Population Genetics is centred around understanding genetic variation.

  • Where does it come from?
  • Why does it persist?
  • How is it distributed aross the genome or across the species’ range?

Towards this end, population geneticists are interested in the fundamental processes of mutation, migration, recombination, selection and drift.

In this lab session, we’ll be touching on most of these and covering a range of common foundation analyses to understand the evolutionary history of a SNP dataset. The goals are for you to get a feel of a basic population genetics workflow through a whistle-stop tour of methods. We could spend an entire day on each step of the analysis, but given we only have 3 hours we’ll be learning a little about a few things as opposed to a deep-dive on one thing.

It’s expected that there are a range of abilities in the cohort, and consequently some may progress quicker than others. At the end of each section there are additional exercises that are optional for anyone who is working quickly.

It’s also important to learn how to troubleshoot errors and problems on your own! Remember that for command-line programs we can usually type --help, or in R type ?my_function, to see documentation.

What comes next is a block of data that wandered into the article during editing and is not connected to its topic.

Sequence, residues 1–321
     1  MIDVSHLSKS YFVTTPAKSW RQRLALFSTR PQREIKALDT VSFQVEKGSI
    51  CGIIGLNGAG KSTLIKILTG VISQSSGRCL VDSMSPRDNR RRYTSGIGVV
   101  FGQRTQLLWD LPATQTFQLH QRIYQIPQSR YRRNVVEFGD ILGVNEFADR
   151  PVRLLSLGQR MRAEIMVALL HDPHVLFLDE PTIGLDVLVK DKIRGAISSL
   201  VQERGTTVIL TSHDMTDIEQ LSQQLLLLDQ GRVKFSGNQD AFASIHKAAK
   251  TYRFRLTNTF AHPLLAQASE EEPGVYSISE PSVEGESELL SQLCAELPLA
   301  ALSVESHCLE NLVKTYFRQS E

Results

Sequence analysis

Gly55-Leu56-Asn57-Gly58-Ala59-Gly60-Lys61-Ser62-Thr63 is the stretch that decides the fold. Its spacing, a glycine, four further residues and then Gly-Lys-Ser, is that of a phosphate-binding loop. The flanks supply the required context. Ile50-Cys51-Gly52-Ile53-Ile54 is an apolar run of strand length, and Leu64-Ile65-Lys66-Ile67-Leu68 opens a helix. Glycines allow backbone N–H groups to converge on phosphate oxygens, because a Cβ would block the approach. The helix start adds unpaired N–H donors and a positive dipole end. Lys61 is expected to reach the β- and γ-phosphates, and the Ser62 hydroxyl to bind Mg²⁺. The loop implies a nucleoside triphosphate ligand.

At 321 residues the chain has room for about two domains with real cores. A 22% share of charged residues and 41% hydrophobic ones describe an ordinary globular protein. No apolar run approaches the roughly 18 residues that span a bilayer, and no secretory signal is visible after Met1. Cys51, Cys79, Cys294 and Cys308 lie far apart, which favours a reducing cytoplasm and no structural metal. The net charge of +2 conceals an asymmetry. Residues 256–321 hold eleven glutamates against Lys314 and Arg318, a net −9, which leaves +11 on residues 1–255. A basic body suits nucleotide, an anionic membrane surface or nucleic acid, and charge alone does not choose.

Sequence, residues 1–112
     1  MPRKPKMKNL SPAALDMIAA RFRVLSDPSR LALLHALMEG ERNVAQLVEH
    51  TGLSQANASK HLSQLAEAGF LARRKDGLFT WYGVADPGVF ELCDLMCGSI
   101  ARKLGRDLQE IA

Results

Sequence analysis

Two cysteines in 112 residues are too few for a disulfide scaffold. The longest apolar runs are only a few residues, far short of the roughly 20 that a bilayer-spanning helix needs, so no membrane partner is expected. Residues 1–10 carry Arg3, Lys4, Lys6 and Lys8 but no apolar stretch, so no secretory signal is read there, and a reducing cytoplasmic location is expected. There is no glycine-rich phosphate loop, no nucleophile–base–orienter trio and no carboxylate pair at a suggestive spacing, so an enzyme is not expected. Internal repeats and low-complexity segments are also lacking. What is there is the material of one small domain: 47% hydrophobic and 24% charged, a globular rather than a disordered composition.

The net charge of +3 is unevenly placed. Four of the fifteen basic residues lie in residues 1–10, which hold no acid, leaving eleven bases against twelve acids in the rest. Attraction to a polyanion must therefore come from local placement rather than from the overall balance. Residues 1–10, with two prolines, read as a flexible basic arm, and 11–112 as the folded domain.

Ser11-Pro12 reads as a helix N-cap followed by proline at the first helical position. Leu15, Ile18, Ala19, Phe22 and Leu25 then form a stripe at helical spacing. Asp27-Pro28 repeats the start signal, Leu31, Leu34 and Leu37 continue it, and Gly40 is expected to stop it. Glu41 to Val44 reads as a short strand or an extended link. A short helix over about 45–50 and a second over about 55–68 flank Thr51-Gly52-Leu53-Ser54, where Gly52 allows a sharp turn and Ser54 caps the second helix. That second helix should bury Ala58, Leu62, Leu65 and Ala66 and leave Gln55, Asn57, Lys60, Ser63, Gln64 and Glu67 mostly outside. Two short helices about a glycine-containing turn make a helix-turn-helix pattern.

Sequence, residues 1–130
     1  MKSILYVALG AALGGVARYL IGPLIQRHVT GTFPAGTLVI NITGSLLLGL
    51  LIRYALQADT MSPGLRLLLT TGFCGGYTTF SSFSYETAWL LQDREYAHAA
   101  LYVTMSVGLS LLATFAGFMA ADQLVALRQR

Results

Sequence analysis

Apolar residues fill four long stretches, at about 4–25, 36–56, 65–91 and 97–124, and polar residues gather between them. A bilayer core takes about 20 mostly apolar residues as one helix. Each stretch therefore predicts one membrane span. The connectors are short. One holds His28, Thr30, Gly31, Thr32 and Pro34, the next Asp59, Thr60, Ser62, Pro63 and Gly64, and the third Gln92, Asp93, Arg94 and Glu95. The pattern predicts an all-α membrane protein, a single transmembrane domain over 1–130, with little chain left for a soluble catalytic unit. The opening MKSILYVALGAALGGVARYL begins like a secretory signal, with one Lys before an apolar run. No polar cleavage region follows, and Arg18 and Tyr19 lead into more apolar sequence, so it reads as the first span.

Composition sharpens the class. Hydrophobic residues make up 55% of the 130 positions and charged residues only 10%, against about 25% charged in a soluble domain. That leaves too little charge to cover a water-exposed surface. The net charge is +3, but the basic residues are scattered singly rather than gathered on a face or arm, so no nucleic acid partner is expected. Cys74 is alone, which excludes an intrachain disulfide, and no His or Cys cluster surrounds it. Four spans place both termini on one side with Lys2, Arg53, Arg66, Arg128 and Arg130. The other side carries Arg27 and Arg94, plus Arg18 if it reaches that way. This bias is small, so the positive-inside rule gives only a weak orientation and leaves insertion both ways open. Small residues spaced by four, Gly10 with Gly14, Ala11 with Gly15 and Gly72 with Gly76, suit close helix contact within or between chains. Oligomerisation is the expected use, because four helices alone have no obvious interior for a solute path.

The Dataset

We’ll be working with a simulated dataset that includes a number of conditions and events that we will uncover over the course of the session. The workshop is designed around the idea of building up an understanding of a SNP dataset that we may have limited a-priori knowledge of, which can be common for example when working with sequencing data from natural populations. Starting with exploratory summary analyses, we will generate and test hypotheses to explore evolutionary questions.

Let’s pretend our data comes from a study into the a hypothetical, yet MIRACULOUS, conservation success story of Scottish Wild Cats spreading south into England from their Highlands refugia. In this study, samples were collected from a number of individuals from the ancestral Highlands population (p0) and at four further locations moving south through the Scottish borders and into England, at Kielder Forest (p1), Leeds (p2), Norfolk (p3), and London (p4).